6 star living quarters

2 Feb

My ship is not merely a luxury cruise ship but classifies itself as a ultra luxury ship. The video below is a photo tour of my ultra luxury crew cabin.

 From the video you can see that it makes my time working in the mines of Western Australia look like a holiday resort. In the mining camp (and my mining camp was one of the more derelict camps compared to some) I had my own room and ensuite that was cleaned twice weekly, a complete gym, a swimming pool, a bar that was opened every day and a window!

Maybe because I was use to the good life of Oil rig and Mining camps I was a bit of a snob. Don’t get me wrong, the crew quarters were fine for me, I’m more than content as long as I can sleep horizontally (photo below is me writing a blog post in my top bunk). Remember I lived with Barnz for two months in a sedan car eating at soup kitchens and bathing in a river while we were looking for work in Canada.

Living on the cruise ship made me realise how good the living conditions were in the mines and rigs. Obviously there isn’t as much room on a cruise ship as there is in the vast Australian desert. Maybe I’m just a spoiled ex mining brat but It was the little attentions to detail that were missing on the cruise ship. For example not having your cabin cleaned (officers have their cabins cleaned). This sounds a little niggly and picky, but when you don’t have days off and only have limited time to sleep, cleaning your cabin, changing your linen etc becomes very annoying – haha and to think some guys in the mines used to complain about having to place their porn mags in a draw so it didn’t offend the cleaners.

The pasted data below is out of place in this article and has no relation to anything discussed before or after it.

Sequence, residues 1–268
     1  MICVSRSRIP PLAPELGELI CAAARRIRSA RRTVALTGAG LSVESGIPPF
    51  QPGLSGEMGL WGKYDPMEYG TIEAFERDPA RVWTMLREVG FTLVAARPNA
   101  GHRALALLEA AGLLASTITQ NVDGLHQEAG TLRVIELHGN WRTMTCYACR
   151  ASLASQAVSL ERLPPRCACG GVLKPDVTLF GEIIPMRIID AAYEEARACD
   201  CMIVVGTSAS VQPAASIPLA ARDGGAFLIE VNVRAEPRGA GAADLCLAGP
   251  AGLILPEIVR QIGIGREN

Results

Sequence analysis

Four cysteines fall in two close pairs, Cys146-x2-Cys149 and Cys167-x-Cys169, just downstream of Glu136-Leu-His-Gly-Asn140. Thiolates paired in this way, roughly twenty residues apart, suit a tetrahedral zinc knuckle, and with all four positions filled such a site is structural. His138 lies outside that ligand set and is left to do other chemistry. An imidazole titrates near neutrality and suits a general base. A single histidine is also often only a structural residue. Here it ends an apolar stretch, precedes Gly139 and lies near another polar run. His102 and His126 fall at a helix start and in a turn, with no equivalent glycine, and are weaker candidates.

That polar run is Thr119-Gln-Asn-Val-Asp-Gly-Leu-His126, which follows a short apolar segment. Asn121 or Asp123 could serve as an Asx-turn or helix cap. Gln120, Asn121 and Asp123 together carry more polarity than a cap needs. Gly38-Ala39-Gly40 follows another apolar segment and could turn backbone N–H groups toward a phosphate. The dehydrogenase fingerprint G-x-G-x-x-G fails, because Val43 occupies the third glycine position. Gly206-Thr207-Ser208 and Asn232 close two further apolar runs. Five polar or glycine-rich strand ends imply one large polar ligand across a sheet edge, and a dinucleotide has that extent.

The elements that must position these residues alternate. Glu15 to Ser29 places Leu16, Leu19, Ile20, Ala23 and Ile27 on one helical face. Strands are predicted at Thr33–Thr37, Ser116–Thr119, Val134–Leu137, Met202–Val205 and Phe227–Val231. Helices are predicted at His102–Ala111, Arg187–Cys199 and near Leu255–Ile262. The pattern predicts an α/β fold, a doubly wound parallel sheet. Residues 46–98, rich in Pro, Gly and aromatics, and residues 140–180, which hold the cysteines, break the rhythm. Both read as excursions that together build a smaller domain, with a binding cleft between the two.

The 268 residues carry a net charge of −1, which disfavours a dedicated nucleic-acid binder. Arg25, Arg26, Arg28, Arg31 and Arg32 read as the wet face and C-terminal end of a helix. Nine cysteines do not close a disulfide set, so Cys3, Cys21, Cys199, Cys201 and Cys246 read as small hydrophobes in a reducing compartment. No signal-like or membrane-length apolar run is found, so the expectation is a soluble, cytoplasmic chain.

Little things like this just add to the feeling of being unappreciated. On top of this they have cabin inspections to make sure you do it and then post the results of the inspection. The most annoying part was that there is no real system in place to make it easy for you. For example there’s one vacuum cleaner for 60 people and when I asked for a simple thing like toilet paper people could not give me a definite answer of where to get it from, so I had to revert to steeling it from the guest toilets late at night.

OK, once again my post is coming across as rather negative. I appreciated my little bunk, it was more than sufficient, it was my little haven; at times it felt like heaven. What it comes down to is that I was only in my cabin to sleep, and if I wanted to chill out I would go to the crew mess or join the other crew members in the corridor for a beer. I just wanted to show the contrast between the mining camps and the cruise ship lifestyle. And you can imagine the contrast between my crew cabin and the $20,000+ suites 5 floors above me!

2 Responses to “6 star living quarters”

  1. Ling at 11:57 pm #

    I guess what looks like an awesome job from the outside is not always as glamorous as it looks. Still, even thou the cruise job might be the worst job you ever had, it seemed like you enjoyed what you got out it. I remembered at first I was thinking it is super awesome that you get to go to Antarctica for free, but now I can see how you are paying for it in other ways. Your blog/experience rocks

    • Hap at 12:43 am #

      Thanks Ling,
      You summed it up nicely, I definitely enjoyed what I got out of it.
      Glad you’re enjoying it.
      I have just arrived in Chile after an ineresting exit, I will write a blog on my yesterdays experience.
      I hope all is well for you.

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